‘Cinderella is Dead’: a book you won’t put down

Dark, twisted, addictive


Fair use from Bloomsbury Publishing

Tednaisha Satterwhite.

With a dark take on a classic fairytale, “Cinderella is Dead” by Kalynn Bayron is astounding. In a world 200 years after Cinderella finds her happily ever after, women live in fear, at the whims of men. Encouraged to follow in Cinderella’s footsteps, young girls are forced to attend the ball to be selected as wives. Not being chosen is bad but being chosen can be even worse — with the high possibility of ending up with an abusive man. Sophia, who’d rather marry her best friend Erin, flees from the ball and stumbles upon Cinderella’s tomb where she discovers the truth behind the fairytale. 

The book follows Sophia as she works to uncover the truth of the past, while trying to break apart the current system of abuse. She also deals with her lingering feelings for Erin along with the pain that comes with them.

Kaylynn Bayron is outstanding when it comes to writing about major issues. She tackles what it’s like to live in a heteronormative and patriarchal society and the impact that it has on both men and women. She also captures what it’s like to be queer in that type of society — demonizing your own feelings, feeling like an outsider and fearing what other people think.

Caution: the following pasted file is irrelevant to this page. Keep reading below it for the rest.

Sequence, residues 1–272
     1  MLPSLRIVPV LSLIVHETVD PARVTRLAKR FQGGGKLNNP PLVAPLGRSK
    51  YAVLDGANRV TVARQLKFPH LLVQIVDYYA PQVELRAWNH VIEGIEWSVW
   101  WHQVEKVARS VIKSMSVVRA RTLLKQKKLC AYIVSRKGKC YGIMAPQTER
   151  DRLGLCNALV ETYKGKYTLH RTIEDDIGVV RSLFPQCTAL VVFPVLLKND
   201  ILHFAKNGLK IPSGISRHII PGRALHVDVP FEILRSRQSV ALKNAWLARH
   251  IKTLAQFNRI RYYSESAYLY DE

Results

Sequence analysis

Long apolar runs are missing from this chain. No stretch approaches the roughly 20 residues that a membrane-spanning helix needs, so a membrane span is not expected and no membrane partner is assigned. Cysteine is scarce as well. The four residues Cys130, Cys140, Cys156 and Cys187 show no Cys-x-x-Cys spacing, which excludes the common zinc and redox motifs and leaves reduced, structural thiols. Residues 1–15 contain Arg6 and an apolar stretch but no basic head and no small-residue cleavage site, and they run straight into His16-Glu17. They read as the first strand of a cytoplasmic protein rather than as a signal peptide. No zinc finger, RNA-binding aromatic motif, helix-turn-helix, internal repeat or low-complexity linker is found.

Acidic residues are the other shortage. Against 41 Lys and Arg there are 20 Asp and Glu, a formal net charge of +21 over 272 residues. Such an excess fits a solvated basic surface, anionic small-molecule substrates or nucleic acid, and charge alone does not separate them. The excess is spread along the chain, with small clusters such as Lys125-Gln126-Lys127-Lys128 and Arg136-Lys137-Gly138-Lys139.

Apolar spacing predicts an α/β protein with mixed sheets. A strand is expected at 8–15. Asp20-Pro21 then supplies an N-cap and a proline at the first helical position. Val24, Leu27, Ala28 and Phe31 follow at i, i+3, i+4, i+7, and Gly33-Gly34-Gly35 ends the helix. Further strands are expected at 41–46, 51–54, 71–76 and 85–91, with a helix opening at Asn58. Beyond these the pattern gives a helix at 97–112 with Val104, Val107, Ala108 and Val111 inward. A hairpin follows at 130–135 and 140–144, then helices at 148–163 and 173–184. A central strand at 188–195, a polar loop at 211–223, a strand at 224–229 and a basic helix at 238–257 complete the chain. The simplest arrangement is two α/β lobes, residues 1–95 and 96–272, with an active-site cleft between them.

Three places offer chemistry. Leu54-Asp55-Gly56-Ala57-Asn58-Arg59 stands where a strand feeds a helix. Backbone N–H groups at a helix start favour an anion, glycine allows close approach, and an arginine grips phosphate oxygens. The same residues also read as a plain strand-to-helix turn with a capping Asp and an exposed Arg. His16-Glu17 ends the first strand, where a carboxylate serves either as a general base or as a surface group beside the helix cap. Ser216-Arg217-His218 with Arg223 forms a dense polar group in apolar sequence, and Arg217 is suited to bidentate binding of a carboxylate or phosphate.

One of the smaller themes which is how history can often be distorted because it’s written by the victors. The losing side’s voices are silenced. The victors shape the future, they often become idolized no matter what they did or the damage they caused to win.

I loved the amount of queer and POC representation, I feel like it was really well done. My favorite part is the take on the fairytale within the story itself. Also, the hinting that other fairy tales were also changed to fit a certain narrative is something that intrigued me, and I hope it gets explored more later on. Overall, this book gained an emotional reaction from me — it made me angry, it made me feel fear and it made me want to cry. There is nothing better than a book that invokes that from me.

“Cinderella is dead:” ★★★★★